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4 May 2009

Amon Düül II - 'Dance of the Lemmings' (United Artists)

Sometimes I think 1971 was a high point in the cultural ooze, though I'm fully aware that we always fetishize the impossible, and this blogspotter was not yet alive so I guess I'm guilty as charged. Maybe '71 smelled really bad or everyone was itchy, but I think there was something good in the water because first-rate records and films kept shooting out like inchoate meteors. We've had to skip Yeti and jump to Amon Düül II's masterpiece, Dance of the Lemmings. The band is honed down to only four people (since Phallus Dei's covershot suggests it was once quite the party) and they've never been further away from their roots (see our review of This is Amon Düül for more on that). Side 1 is given to the 'Syntelman's March of the Roaring Seventies' suite, and the Krautbuzz rarely has hit peaks like this. 'Pull Down your Mask' is just one of the four parts but the one most memorable for its haunting creepy vocals.  Until the end, it's relatively genteel and clean-sounding, yet still trippy, psychedelic, and whathaveyou.  At some point in my salad days I figured out that just turning on distortion and volume does not alone make music 'heavy'; weight comes from the spaces between the notes, the timings, and that which cannot by automated.  I think 'Syntelman's March of the Roaring Seventies' taught me the same thing about psychedelic music.  It's postively barren and sparse when compared to today's hordes of knob-turning  noise kiddies,  but more 10th dimensional and mindbending than most 'psychedelic' dross.   And it's a bad trip, indeed.   It's like the band has reinvented itself from  prog nerdlers into utter bummermongers, and nothing could be more perfect to usher in the decade of bad vibes that was to follow. Even the back cover, with scary goat-skull-tree-man on a comfy sofa, screams 'stay the fuck away'. And the scythe-wielding Amon Düül logo is rendered in a way that would make even the most hardened suburban metalheads skip a breath and force out a "cool". But can they keep it up over the course of a double album? Of course they can, and they do, and it's the second side where we get the walls of burning solder, sawing folk fiddles and klassic kosmische edges.  Plus, for a few bars they kick this perfect hip-hop beat.   The third side is a soundtrack that is obv. more improvised than the first half but still has some insane movement.  There's a lot of piano and some swell bass drones; it all feels a bit edited together, but that's okay cause I'm not a purist about those things.  This may be the closest to 'jazz' we've seen from AD2, though it's really space-jazz.   Bonus points for the records being split into sides 1+4, and 2+3 -- a testament to the olden days of those record flipping contraptions.  I believe we could press a 2xLP like that today and call it a "throwback".  Side four brings us back to the 'songs'.  This side is instrumental, in the classic rock rifftastic arterial way.  Some weird editing at play:  halfway through, one track fades out on a flange-heavy drumbeat and then after a moment of silence, fades back in with the same beat.   A bit of conceptual brilliance or the only way to cover a mistake?  Also, is it just a bit stereotypical to make side 3 your "extended jam" side and return to songs at the end?  Though maybe this defined the trend.  I feel like I should say something about lemmings, who are thought of in popular culture as suicide-prone little creatures and thus an appropriate metaphor for the dark vibes of this album.  But actually, lemmings have no such inclinations  - this is just some murderous lies spread by the Disney corporation.  And I've also made it through this whole review without mentioning the amazing spaceship gatefold, complete with primitive PDA and space-elephant.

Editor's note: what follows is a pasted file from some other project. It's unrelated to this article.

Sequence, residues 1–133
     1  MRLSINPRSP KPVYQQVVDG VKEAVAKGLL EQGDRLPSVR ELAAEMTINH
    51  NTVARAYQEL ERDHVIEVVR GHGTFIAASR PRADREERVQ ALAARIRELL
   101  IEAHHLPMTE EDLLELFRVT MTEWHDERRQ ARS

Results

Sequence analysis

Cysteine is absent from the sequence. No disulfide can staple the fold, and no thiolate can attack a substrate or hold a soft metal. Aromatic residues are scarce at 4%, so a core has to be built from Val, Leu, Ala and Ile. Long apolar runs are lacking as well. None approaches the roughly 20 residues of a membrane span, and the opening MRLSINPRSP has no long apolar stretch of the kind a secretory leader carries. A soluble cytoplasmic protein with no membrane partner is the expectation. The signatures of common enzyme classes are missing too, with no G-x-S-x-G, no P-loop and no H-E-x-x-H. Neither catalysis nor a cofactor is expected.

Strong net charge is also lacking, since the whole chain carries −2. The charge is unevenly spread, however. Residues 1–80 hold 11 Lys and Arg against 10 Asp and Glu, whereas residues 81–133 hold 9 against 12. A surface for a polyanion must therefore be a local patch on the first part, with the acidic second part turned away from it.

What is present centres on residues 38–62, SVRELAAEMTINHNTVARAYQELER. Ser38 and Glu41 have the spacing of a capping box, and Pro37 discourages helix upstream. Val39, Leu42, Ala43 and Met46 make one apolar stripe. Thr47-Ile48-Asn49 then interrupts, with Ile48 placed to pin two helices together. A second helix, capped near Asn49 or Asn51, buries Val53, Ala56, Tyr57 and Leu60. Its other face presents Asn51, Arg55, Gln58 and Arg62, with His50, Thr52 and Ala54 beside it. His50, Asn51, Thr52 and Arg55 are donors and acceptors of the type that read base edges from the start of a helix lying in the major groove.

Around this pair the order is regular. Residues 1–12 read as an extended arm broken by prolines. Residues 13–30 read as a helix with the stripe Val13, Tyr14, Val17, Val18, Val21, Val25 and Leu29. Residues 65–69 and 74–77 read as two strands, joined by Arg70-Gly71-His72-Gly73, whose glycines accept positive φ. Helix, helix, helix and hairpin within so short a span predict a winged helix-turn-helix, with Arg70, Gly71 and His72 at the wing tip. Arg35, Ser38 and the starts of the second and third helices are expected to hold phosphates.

1. the verbum "skip" should NEVER be connected to the lp-name yeti! besides this blasphemic misstepping the rest of the text is fine though.

  2. Dude, I know! The only reason I had to skip it is because I don't own it on vinyl! Believe me, I'd love a copy ...